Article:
USA Hockey’s National Coaches Symposium offered a jam-packed agenda on Day 2, headlined by a pair of NHL head coaches: Detroit’s Jeff Blashill and Pittsburgh’s Mike Sullivan.
Blashill focused on individual skill development as a means to improving team performance and he set the tone early by sharing one of his pet peeves about the youth hockey environment.
“What’s the youth hockey anthem?” asked Blashill. “That’s right. ‘Get it out!’ ‘Get it in!’ I hear it all the time and it drives me crazy. How do you learn to make skilled plays if you’re never allowed to do it? Trust me, they’ll be better in March if you allow them to handle the puck, and they’ll be way better in the long term.”
Blashill went on to explain the importance of clearly defining specific elements of performance that need improvement and then working on those elements with high-rep practice structures.
Sullivan’s presentation focused on team-building, culture creation and the leadership aspects of coaching. Using examples of how the Penguins marched to consecutive Stanley Cup victories in 2016 and 2017, Sullivan illustrated the important decisions and challenges that coaches encounter along the way. One of those, for him, was rekindling his team’s passion. Without it, it’s impossible to succeed. Sullivan challenged attendees to inspire their players.
“Passion is essential,” he said. “Coaches have to create environments in practice that fuel passion.”
Olympic Coaches Reflect on Korean Lessons and Youth Hockey
Following breakout sessions that covered everything from goaltenders’ lateral releases to off-ice training, Tony Granato, Paul Mara and Guy “Goose” Gosselin took the stage for a panel discussion of their Olympic experience in 2018. It was a wide-ranging conversation that also dipped into youth player development. One of the topics that arose was the challenge of coaching players who have an outstanding skill or two, but perhaps don’t have the total package or good habits or even a positive attitude. It’s a delicate situation, but something Granato believes in handling head-on with candor, communication and optimism. His advice?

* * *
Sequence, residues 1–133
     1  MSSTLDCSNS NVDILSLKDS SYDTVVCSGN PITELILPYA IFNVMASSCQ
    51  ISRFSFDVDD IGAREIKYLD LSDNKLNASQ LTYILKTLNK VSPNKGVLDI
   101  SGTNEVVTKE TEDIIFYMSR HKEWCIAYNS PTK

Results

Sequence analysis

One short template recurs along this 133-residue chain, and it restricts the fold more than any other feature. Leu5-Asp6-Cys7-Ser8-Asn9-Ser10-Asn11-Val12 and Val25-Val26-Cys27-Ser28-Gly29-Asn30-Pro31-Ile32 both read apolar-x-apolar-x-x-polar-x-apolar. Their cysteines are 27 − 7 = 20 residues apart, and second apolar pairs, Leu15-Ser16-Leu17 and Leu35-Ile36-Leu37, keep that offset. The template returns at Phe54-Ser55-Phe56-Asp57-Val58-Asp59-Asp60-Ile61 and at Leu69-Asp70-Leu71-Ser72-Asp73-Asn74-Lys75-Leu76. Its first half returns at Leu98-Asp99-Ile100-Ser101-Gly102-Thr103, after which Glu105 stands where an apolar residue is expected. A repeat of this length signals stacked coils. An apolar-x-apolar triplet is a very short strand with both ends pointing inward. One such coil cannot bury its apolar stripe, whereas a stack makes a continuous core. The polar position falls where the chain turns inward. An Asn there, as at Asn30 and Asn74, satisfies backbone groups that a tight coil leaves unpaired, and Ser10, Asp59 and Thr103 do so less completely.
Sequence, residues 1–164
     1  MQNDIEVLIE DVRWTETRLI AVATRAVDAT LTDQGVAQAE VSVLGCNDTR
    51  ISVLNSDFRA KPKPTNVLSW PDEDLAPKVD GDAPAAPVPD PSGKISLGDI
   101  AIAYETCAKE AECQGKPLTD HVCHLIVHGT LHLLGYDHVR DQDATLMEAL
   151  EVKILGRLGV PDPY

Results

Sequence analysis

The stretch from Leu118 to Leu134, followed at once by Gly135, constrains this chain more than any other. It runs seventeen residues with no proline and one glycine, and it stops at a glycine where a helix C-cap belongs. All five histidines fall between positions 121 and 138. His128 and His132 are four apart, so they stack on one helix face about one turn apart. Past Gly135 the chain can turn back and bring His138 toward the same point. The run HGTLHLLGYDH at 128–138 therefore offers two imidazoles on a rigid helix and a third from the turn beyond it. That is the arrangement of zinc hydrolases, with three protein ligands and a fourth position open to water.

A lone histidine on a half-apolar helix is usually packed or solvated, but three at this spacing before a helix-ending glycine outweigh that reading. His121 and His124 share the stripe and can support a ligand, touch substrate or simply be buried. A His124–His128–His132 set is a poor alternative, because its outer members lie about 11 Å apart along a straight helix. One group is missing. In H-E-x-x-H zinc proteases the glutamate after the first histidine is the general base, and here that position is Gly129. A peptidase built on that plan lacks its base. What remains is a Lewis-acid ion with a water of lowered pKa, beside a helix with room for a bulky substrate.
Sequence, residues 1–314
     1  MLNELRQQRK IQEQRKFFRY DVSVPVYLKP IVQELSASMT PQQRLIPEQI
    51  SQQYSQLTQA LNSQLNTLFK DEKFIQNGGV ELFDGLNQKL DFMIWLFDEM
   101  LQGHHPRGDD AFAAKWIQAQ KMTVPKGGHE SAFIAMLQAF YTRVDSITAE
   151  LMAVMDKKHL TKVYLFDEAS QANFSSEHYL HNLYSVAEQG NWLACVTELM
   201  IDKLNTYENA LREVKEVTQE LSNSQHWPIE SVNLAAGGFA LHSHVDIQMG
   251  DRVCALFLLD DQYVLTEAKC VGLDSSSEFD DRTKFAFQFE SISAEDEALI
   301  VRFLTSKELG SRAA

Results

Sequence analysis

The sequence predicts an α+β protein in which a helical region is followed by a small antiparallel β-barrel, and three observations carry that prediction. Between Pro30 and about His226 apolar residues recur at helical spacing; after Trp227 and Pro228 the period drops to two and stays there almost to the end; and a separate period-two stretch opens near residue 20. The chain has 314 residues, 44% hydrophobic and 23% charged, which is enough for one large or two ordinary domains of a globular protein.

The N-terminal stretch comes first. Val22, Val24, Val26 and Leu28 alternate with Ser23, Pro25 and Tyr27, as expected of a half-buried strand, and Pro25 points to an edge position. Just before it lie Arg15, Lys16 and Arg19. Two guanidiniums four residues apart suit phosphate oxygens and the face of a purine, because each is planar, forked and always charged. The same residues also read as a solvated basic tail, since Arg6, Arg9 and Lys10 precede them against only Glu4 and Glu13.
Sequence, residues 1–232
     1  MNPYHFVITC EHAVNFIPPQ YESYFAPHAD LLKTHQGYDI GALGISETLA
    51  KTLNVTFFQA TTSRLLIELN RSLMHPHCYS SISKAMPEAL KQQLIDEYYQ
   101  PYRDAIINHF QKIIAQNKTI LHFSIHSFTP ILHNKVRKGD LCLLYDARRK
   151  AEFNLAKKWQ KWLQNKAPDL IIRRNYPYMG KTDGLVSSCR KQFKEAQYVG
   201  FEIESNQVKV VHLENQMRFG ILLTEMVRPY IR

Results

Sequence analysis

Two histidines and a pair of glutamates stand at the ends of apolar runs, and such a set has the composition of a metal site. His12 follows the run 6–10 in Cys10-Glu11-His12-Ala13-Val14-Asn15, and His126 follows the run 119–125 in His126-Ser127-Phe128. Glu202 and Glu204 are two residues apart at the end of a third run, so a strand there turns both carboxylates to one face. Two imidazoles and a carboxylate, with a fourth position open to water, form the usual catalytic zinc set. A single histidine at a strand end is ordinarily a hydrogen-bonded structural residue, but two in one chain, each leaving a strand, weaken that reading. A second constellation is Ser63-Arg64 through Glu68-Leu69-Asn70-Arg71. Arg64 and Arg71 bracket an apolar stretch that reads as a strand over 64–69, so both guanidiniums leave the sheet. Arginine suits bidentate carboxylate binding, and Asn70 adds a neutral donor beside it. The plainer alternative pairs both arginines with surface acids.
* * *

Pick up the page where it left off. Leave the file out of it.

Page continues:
“Find the positive in that kid and then help him develop the other parts into his game and into his personality,” he said. “You try to find ways that you can inspire them to change their habits.”
Seth Appert, head coach at USA Hockey’s National Team Development Program, counts himself among the ranks of youth hockey coaches – albeit at the highest level – and he delivered a notebook full of messages to his fellow youth coaches during a presentation on angling, gaps and transition. Not only did he emphasize the vital importance of joy in hockey, he also reminded attendees about how their tactics and priorities can influence a child’s entire hockey trajectory.
“I think dumping the puck in youth hockey should be looked at with the same distain as taking a retaliation penalty,” said Appert. “Dumping the puck might help you win a game, but it won’t help get our American players where they need to be in the long term.”
Using Off-Ice Time to Build Better Athletes
Not every form of hockey training needs ice. That message was the focus of an extensive array of off-ice games and activities during today's breakout sessions. There were stations for angling drills, body-contact drills and even an area for reaction and anticipation games.
Challenge your players' reflexes & anticipation with Old West, an off-ice game demonstrated at the #2018NHCS by Emily West, the #ADM manager for female hockey. pic.twitter.com/nyfyCnn9kc— USA Hockey (@usahockey) August 24, 2018